Each department’s non-emergency number is listed below:
- Seattle Police Department
- Bellevue Police Department
- Bothell Police Department
- Des Moines Police Department
- Duvall Police Department
- Edmonds Police Department
- Everett Police Department
- Federal Way Police Department
- Kent Police Department
- King County Sheriff’s Office Police Department
- Kirkland Police Department
- Lynnwood Police Department
- Port of Seattle Police Department
- Puyallup Police Department
- Puyallup Police Department
- Renton Police Department
- Tacoma Police Department
- Tukwila Police Department
- University of Washington Police Department Police Department
- Washington State Patrol Police Department
- Oak Harbor Police Department
- Lakewood Police Department
- Olympia Police Department
- Oak Harbor Police Department
- Marysville Police Department
- Mount Vernon Police Department
- All Others in the Puget Sound Area
Methods of getting the remaining belongings are a problem that you and your criminal defense attorney or lawyer will need to work out through the court or with opposing counsel. A common problem is that courts only have “jurisdiction” over the person charged with a crime or the respondent in a protection order case. Court orders do not give jurisdiction over the victim or filing party, however their are ways to ask the court to do so. This issue can be sorted out in a number of ways, but there is no perfect answer to this situation at present other than to document any misuse of the legal process or destruction of property to be bought up at the right time in court by your lawyer. Certainly, someone claiming to be a victim, but who is actively interfering with the removal of belongings that are legitimately not theirs; or, better yet, destroying them, is not acting like a victim. These are the sorts of facts that eventually can become relevant and are worth documenting.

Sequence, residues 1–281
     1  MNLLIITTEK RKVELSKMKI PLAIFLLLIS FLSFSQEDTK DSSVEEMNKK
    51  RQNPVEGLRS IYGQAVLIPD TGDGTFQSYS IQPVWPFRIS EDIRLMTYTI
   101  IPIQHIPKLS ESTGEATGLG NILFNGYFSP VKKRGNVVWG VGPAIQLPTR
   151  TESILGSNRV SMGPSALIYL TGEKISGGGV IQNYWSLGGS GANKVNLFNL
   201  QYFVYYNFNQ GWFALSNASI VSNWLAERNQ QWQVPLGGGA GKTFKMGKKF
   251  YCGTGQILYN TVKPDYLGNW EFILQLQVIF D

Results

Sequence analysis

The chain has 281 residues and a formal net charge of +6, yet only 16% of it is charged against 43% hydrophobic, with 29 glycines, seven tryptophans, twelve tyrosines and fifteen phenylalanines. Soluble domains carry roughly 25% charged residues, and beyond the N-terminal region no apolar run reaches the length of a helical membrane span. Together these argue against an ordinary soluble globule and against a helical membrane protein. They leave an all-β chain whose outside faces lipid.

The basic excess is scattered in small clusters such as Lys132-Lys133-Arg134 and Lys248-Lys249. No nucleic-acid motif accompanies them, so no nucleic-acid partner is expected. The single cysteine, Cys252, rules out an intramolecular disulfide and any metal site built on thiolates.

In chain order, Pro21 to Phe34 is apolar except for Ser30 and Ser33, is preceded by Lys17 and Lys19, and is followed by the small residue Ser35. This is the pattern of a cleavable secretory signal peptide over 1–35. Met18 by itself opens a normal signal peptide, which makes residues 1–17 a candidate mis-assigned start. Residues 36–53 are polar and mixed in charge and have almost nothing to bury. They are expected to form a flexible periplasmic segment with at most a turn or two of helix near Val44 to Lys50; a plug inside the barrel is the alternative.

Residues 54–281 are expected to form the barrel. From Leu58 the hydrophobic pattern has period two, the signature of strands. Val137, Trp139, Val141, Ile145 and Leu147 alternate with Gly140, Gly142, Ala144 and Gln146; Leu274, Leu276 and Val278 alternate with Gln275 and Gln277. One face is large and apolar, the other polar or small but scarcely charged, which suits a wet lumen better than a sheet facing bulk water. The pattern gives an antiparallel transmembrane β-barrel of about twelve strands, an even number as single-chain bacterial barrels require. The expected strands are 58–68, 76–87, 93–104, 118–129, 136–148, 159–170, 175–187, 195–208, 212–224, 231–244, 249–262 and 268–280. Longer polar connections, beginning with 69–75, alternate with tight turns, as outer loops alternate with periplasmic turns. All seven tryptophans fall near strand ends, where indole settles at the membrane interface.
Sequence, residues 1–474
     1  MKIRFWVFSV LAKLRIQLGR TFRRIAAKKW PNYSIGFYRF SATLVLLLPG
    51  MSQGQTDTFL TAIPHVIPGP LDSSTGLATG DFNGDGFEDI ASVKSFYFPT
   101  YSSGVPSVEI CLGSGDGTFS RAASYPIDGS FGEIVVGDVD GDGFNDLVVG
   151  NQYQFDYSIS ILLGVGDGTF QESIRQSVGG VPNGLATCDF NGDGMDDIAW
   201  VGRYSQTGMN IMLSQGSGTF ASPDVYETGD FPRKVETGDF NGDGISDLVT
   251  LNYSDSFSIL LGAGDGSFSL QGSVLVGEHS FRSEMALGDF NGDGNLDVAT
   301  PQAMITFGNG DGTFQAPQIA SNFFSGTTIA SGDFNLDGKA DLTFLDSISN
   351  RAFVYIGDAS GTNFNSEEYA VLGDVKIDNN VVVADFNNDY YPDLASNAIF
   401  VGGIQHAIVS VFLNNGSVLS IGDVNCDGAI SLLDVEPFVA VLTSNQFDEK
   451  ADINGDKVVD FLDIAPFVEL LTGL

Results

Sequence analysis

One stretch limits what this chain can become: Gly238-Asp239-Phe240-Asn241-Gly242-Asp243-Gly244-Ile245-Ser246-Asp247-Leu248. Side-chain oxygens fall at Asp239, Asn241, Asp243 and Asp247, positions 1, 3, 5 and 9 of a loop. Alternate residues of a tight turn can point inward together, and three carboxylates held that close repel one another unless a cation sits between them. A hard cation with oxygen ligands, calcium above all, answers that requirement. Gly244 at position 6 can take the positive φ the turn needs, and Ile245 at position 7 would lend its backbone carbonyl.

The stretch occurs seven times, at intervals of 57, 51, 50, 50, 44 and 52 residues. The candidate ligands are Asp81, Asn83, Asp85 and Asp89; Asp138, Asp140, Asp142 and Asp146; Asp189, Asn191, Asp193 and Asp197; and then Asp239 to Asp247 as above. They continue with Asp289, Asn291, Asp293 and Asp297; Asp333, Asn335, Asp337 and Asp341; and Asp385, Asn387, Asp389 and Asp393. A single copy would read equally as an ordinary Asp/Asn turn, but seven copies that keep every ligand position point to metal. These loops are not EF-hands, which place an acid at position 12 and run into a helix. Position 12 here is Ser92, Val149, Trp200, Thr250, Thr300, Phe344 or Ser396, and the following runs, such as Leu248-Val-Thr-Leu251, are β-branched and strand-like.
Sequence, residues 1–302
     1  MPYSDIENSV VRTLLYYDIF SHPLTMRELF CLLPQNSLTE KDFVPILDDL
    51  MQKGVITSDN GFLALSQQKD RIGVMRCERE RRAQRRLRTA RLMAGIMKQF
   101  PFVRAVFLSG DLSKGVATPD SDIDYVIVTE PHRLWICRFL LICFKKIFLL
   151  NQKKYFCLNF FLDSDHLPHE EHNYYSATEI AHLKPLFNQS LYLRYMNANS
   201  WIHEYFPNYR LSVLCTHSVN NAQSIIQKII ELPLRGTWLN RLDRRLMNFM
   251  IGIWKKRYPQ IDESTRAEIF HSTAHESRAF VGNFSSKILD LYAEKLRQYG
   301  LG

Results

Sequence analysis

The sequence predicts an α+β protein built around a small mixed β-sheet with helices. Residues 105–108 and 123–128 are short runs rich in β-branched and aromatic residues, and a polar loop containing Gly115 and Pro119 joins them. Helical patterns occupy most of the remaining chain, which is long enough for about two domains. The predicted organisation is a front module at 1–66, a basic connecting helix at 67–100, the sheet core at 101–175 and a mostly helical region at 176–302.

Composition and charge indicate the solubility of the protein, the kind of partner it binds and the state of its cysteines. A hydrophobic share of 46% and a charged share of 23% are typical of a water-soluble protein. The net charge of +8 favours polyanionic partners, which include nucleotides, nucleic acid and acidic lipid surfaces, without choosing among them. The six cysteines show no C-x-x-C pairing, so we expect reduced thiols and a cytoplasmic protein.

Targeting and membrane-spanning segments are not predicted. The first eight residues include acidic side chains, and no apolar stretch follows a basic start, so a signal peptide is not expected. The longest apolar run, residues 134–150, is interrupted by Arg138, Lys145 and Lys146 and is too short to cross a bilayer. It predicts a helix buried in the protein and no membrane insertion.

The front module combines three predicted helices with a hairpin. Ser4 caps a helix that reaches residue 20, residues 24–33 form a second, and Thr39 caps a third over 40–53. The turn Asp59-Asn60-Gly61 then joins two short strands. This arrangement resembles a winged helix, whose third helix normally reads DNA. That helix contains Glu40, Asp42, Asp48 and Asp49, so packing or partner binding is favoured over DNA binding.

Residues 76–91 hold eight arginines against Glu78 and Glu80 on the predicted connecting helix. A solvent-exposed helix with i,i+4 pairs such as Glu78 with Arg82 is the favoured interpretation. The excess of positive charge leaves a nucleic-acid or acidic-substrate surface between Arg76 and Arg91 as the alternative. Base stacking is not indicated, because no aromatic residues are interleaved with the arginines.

Our lawyers have handled, discreetly when possible, an enormous number of complicated relationship problems in the civil and criminal forums. Whether attacking or defending, we know the law and how to effectively frame and argue the issues these kinds of situations present. This knowledge and ability means we have earned a reputation as effective speakers to prosecutors, judges and juries alike. Whether our role is one of legal counsel, negotiator, or litigator, hiring us means you have an experienced and driven firm who has years of experience resolving cases with our clients’ best interests in mind.
With a successful background in law, courtrooms, wrestling, rugby and jujitsu, Robert Rhodes’s nature is well-suited for argument and litigation. Mr. Rhodes knows how to talk clearly and directly to his clients, adversaries and to the Court. His common sense, straight talk and experience put his clients immediately at ease. Mr. Rhodes does not do anything half way and you will sense this when you meet him. Read more >>